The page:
Bed Bath breezes by competition
Furniture Today Staff -- Furniture Today, April 8, 2002
Union, NJ — Breezing easily past Wall Street expectations — and saying it plans to do so once again during the current first quarter — rocket-hot retailer Bed Bath & Beyond drove fourth-quarter profits sharply higher, by 28.5 percent, to $82.7 million from $64.3 million last year.
Sales in the all-important holiday quarter jumped up by 17.8 percent, to $879.1 million from $746.1 million, in a lackluster period for most other American retailers. The lofty sales number was all the more remarkable given that this year's fourth-quarter contained one less week of shopping this year — 13 weeks vs. the 14-week season a year ago.
And blasting past virtually all of its peers in U.S. retailing, same-store sales at the home fashions superstore surged by 11.9 percent.
In an uncommonly strong performance in a bruising environment for U.S. retailers, especially full-price retailers, Bed Bath & Beyond sailed past Wall Street's expectations with earnings of $0.28 per share, easily besting a consensus forecast of $0.26. Not stopping there, the retailer said it expects first-quarter profits to come in at $0.13 a share, $0.01 ahead of expectations. And earnings for all of this year should total $0.91 a share, topping Wall Street's target by $0.02.
Driving the heady earnings gain was a win-win combination of stronger sales, stronger margins and lower costs.
In addition to the stronger same-store sales, the bottom line benefited from a solid gain in average gross margin, which increased by 40 basis points, to 42.1 percent from 41.8 percent the prior year. And leveraging stronger sales and the rollout of new units, the retailer chopped its costs by 100 basis points, to 27.1 percent of sales from 28.1 percent a year ago.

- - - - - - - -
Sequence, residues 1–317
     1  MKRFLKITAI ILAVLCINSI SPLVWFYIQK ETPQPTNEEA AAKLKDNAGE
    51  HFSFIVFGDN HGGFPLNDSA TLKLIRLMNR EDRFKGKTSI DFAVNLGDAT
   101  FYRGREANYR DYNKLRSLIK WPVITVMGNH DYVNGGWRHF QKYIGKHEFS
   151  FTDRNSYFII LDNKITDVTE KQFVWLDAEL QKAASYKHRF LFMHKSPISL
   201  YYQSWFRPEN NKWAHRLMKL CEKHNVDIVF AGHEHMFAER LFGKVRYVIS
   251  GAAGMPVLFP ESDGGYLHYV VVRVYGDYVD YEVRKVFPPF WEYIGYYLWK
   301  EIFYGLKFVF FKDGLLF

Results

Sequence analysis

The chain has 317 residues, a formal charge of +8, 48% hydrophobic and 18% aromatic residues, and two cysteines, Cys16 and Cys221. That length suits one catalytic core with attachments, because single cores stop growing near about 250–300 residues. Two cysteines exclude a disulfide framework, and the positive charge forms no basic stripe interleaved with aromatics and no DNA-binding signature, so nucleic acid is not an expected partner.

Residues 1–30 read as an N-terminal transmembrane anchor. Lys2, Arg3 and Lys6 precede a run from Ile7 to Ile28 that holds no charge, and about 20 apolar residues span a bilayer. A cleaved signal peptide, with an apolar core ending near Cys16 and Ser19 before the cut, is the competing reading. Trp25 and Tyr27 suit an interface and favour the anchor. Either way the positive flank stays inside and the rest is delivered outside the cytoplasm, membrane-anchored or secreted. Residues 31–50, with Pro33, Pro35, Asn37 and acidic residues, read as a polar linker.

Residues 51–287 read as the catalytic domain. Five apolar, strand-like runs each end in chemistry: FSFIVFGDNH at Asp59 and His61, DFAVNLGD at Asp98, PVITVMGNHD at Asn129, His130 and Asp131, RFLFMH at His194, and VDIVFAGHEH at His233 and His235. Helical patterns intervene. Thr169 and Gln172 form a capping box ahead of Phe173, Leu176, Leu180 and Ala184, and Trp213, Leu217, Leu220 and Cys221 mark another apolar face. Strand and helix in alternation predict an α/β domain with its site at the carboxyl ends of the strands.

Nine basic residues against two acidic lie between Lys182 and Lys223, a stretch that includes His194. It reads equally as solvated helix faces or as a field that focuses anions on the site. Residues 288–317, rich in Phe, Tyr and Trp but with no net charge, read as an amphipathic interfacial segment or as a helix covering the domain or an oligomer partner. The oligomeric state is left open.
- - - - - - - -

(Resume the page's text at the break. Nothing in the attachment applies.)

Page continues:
Given the strong improvement in operations, operating profits shot up by more than a third, rising by 33.5 percent, to $132.1 million from $101.9 million. That remarkably strong performance yielded an almost unheard-of operating margin — operating costs measured as a percentage of sales — of 15.0 percent, up 130 basis points from 13.7 percent the previous year.
Taking a tiny bite out of the bottom line, the company's interest income — the money it earns on the money it puts in the bank — slipped by 33.5 percent in today's low interest-rate environment, to $2.4 million from $3.5 million. But the nick was only cosmetic, and even so the specialty retailer scored a profit of $82.7 million.
That formidable bottom line performance generated a phenomenal return on sales — net income as a percentage of sales — of 9.4 percent for the fourth quarter.
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